Every year my family travels to the Midwest to spend the fourth of July holiday with my husband’s family. My in-laws have a huge BBQ for relatives and friends, and people stop by throughout the day. We enjoy good food and neighborhood fireworks while spending time with the loved ones we don’t see often. This year is no different. I’m typing this blog post from their home now, BUT I’m not feeling very celebratory. If I’m being honest, I’ve pretty much raised my eyebrows at this holiday since I learned that this isn’t independence day for Black Americans. Our true independence day is June 19th often referred to as Juneteenth.
During our trip to visit my hometown earlier this week, we went to the Henry Ford Museum (more on that later), but there is an exhibit that focuses on Freedom Movements in America. It covers American Independence, Freedom and Union, Votes for Women, and Civil Rights. As I walked through the exhibit with Sesame and tried to explain parts of it in a way he’d understand, I found myself shaken by how much America’s current climate mirrors the past.
When I saw the shackles and neck chains used on my ancestors, I found myself thinking of the private prison industry that results in the mass incarcerations of Black children, men, and women.
As I sat on the bus and in the same seat as Rosa Parks when she refused to give up her seat for a white man, I listened to the recording of her account and thought about how far we’ve come, but how far we still have to go. I reflected on the number of times I’ve been accused of taking a white person’s “spot” throughout my academic career. We are still not free.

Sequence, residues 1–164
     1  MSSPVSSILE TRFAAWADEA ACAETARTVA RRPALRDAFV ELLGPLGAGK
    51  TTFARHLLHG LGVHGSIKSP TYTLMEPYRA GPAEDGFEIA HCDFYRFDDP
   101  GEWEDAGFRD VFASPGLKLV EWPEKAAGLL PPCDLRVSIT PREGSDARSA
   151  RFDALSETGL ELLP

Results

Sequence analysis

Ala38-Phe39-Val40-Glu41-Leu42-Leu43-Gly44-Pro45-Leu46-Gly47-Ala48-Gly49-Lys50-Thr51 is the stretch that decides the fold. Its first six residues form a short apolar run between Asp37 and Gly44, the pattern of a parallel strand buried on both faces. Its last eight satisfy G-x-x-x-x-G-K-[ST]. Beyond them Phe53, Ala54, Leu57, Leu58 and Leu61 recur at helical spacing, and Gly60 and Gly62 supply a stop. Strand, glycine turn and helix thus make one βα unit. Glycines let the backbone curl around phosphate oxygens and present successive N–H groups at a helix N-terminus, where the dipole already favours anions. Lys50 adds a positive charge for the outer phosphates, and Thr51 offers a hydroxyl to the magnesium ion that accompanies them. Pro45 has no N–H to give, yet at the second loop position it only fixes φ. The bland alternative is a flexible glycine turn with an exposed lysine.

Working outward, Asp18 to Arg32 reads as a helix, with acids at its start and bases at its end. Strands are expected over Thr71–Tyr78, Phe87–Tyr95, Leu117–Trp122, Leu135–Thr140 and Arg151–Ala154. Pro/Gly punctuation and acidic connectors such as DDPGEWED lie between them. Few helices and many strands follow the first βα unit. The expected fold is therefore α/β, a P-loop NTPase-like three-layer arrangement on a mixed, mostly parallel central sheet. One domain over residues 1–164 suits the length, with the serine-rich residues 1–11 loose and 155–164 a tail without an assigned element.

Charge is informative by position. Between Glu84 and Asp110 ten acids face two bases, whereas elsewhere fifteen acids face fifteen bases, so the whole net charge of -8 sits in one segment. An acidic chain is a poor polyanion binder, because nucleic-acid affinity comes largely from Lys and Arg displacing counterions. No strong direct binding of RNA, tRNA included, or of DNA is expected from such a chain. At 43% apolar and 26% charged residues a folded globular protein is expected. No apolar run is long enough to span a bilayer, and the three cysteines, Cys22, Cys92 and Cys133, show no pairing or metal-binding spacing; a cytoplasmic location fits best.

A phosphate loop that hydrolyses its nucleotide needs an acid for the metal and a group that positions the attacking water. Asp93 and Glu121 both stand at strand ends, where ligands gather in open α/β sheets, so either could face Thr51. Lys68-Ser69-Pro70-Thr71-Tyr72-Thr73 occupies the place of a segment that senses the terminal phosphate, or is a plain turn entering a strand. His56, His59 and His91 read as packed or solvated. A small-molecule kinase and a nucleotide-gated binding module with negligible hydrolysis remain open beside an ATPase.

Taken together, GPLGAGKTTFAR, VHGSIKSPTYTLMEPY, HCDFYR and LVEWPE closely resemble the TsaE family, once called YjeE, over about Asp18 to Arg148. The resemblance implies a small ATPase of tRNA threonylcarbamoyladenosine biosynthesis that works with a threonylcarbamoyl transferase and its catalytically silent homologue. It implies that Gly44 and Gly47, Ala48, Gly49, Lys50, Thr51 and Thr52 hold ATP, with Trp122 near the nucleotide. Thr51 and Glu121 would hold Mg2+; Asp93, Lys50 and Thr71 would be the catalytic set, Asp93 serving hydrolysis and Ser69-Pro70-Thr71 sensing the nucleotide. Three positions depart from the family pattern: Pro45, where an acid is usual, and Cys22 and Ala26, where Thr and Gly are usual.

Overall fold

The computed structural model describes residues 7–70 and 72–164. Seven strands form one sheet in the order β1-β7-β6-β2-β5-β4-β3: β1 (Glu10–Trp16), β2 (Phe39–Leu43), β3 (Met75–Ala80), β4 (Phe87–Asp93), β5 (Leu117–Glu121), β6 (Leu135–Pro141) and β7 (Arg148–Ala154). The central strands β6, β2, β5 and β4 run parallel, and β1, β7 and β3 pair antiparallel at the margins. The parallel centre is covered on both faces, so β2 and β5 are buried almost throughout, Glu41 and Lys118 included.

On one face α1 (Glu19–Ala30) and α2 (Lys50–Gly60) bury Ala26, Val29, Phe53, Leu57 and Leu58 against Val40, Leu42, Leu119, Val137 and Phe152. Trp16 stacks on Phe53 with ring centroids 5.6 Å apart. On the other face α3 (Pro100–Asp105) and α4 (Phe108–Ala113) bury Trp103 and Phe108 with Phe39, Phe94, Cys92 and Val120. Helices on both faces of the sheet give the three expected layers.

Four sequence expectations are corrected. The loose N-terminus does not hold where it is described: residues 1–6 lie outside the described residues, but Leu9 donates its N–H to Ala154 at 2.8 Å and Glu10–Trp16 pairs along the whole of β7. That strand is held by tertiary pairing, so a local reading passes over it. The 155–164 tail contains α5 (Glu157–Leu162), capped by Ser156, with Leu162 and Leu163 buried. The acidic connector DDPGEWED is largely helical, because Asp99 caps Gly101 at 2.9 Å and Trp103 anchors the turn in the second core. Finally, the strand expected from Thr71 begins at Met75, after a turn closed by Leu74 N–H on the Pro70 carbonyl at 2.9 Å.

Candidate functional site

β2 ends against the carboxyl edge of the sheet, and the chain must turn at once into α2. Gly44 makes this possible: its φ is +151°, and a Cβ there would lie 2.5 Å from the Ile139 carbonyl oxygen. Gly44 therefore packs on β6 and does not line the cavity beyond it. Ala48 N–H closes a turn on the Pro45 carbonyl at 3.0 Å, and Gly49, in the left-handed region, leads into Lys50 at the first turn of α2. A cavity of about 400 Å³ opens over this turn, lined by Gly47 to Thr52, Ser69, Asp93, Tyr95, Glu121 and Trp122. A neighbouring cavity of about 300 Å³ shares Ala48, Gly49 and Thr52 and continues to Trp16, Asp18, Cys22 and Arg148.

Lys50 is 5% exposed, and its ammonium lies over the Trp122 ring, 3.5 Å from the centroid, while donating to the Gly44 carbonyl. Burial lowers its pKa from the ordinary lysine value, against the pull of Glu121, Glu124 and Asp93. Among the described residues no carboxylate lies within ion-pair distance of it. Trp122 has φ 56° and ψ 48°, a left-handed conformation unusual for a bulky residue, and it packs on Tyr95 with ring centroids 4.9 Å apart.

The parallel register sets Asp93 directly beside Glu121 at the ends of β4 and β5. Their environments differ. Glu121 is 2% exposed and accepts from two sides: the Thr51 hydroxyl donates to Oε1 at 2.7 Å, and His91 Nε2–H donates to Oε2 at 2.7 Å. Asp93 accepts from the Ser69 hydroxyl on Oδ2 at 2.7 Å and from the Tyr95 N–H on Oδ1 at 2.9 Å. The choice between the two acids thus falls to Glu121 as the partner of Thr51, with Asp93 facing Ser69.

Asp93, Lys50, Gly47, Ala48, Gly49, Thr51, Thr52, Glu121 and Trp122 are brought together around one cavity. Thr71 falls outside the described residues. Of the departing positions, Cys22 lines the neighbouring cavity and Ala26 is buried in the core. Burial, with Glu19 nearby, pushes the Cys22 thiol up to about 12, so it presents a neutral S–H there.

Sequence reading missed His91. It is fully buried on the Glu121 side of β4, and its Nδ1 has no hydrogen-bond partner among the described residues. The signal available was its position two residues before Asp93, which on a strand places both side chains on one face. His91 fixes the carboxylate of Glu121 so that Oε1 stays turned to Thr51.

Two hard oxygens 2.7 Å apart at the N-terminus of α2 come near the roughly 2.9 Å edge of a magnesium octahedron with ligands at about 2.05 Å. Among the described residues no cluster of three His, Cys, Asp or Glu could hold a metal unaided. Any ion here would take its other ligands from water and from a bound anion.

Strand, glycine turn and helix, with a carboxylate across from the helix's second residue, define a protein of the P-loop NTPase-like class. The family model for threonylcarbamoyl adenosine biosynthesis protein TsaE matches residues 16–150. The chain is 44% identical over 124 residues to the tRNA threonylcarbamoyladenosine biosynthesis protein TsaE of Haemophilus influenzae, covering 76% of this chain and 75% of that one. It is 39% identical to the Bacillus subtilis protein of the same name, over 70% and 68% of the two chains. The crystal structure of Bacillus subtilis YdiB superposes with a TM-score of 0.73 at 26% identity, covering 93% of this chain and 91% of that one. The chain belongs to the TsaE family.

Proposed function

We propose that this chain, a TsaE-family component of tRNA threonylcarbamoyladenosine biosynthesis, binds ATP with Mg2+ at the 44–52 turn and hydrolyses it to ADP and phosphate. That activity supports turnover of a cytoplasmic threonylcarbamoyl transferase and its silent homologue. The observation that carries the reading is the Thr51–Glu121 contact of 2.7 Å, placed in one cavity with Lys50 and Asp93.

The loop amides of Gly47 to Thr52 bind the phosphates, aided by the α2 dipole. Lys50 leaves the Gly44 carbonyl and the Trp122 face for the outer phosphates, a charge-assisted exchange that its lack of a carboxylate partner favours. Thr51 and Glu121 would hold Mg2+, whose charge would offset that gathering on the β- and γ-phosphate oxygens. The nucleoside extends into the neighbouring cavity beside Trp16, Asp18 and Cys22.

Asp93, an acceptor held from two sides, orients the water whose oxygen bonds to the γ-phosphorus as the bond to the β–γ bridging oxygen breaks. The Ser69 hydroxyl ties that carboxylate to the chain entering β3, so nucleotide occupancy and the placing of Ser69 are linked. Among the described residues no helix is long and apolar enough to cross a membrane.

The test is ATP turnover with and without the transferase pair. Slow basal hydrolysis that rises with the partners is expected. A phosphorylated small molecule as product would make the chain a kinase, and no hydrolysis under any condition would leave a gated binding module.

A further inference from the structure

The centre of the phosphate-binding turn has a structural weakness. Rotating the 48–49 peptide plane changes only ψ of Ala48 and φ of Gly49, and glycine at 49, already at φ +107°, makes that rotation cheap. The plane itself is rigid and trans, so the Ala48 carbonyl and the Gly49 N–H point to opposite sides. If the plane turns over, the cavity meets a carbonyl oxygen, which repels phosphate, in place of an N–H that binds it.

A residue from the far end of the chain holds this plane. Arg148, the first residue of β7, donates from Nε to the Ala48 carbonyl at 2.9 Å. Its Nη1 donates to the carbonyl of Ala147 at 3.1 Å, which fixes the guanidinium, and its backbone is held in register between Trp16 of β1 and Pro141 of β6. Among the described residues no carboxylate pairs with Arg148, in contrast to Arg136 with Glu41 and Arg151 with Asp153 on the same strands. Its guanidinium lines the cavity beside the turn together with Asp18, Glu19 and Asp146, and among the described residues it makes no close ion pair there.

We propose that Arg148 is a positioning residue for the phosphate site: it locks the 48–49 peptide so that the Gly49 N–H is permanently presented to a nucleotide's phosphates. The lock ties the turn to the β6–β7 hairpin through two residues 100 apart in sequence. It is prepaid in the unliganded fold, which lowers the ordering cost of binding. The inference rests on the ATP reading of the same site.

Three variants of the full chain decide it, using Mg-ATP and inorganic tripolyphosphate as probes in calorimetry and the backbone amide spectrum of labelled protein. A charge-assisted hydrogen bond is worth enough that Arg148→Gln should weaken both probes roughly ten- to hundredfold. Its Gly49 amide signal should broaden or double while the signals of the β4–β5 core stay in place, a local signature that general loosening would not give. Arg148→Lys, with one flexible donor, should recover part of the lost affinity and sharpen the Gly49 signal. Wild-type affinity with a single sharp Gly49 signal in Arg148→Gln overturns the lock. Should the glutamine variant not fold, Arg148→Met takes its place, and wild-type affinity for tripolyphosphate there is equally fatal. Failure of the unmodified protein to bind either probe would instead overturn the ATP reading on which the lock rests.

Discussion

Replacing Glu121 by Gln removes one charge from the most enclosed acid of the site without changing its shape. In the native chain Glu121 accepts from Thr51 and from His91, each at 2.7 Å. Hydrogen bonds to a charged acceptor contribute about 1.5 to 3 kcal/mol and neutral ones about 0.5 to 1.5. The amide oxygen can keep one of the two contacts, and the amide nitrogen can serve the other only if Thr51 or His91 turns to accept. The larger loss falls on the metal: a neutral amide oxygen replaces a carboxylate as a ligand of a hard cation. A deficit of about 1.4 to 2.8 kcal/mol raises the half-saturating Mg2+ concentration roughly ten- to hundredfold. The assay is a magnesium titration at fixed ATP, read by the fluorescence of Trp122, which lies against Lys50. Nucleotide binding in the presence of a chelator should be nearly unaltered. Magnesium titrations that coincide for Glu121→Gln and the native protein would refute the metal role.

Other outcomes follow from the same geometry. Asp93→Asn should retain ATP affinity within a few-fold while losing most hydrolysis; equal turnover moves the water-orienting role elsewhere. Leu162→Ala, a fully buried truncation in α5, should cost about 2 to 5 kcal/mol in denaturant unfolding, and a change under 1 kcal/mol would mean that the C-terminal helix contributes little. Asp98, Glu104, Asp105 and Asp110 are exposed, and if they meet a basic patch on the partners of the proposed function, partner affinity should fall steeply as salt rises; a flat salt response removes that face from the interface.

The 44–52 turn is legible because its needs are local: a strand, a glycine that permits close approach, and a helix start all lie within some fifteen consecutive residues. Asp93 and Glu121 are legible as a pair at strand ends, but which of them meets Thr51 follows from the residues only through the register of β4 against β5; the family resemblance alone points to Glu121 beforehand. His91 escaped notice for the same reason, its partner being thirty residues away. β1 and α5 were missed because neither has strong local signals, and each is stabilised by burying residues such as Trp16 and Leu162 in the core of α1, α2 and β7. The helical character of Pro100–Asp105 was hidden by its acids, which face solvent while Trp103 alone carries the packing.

When I think about the nine families in South Carolina who will spend the fourth of July mourning their loved ones deaths due to the terrorism of a white man, I know that we are not really free.
As I read about the number of Black churches burned in the last ten days and the fact that no one in the mass media seems to care about who is burning Black churches, I realize that we are not truly free. For the record, we’re now up to EIGHT churches in TEN DAYS! Where are the news crews who were up in arms about that CVS in Baltimore?
When I read statements that refuse to call what is happening to Black Americans terrorism, I know that we are not free.
Is the past repeating itself? Absolutely, but it also never really ended. The institution of slavery was replaced with systematic and institutional racism. Social media no longer allows these so-called isolated incidents to be brushed under the rug.
As I prepare to “celebrate” Independence Day, I find myself remembering Frederick Douglas’s 1852 speech, “What to a Slave Is The Fourth of July?”
I say it with a sad sense of the disparity between us. I am not included within the pale of this glorious anniversary! Your high independence only reveals the immeasurable distance between us. The blessings in which you, this day, rejoice, are not enjoyed in common. — The rich inheritance of justice, liberty, prosperity and independence, bequeathed by your fathers, is shared by you, not by me. The sunlight that brought life and healing to you, has brought stripes and death to me. This Fourth [of] July is yours, not mine. You may rejoice, I must mourn. To drag a man in fetters into the grand illuminated temple of liberty, and call upon him to join you in joyous anthems, were inhuman mockery and sacrilegious irony. Do you mean, citizens, to mock me, by asking me to speak to-day? If so, there is a parallel to your conduct. And let me warn you that it is dangerous to copy the example of a nation whose crimes, lowering up to heaven, were thrown down by the breath of the Almighty, burying that nation in irrecoverable ruin! I can to-day take up the plaintive lament of a peeled and woe-smitten people!
In 2015, I’m asking myself what to the Black American is the Fourth of July? How do we celebrate the freedom of a nation that still treats us as second-class citizens? A nation that refuses to confront institutionalized racism? How do we revel in “freedom” as the safe haven for the Black community is burned to the ground? We are no longer physically shackled, but we certainly are being physically and mentally terrorized. Tomorrow won’t be about celebration for me, instead it will be about family and the safety I feel when we’re all together.
What is the Fourth of July for you? Will you revel in “freedom” and good ol’ American cuisine? Or will you take a moment to consider those who still aren’t truly free?